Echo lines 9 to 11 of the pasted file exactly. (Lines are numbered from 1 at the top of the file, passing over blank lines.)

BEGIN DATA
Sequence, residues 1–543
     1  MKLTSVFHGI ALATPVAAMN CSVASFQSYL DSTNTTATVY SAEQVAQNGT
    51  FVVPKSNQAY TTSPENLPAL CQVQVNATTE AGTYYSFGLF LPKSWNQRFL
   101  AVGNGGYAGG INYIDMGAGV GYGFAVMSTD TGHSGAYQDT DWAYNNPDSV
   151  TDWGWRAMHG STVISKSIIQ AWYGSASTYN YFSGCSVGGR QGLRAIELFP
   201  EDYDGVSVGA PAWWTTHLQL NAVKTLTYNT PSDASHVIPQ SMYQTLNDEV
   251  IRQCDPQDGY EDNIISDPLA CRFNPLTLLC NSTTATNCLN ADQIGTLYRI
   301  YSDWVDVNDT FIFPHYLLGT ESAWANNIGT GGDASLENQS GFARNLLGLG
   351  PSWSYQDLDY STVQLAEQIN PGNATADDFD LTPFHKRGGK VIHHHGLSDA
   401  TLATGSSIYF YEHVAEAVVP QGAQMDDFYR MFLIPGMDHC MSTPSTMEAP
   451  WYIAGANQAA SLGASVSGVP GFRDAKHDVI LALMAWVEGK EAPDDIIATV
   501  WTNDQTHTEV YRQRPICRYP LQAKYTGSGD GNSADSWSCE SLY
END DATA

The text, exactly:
   351  PSWSYQDLDY STVQLAEQIN PGNATADDFD LTPFHKRGGK VIHHHGLSDA
   401  TLATGSSIYF YEHVAEAVVP QGAQMDDFYR MFLIPGMDHC MSTPSTMEAP
   451  WYIAGANQAA SLGASVSGVP GFRDAKHDVI LALMAWVEGK EAPDDIIATV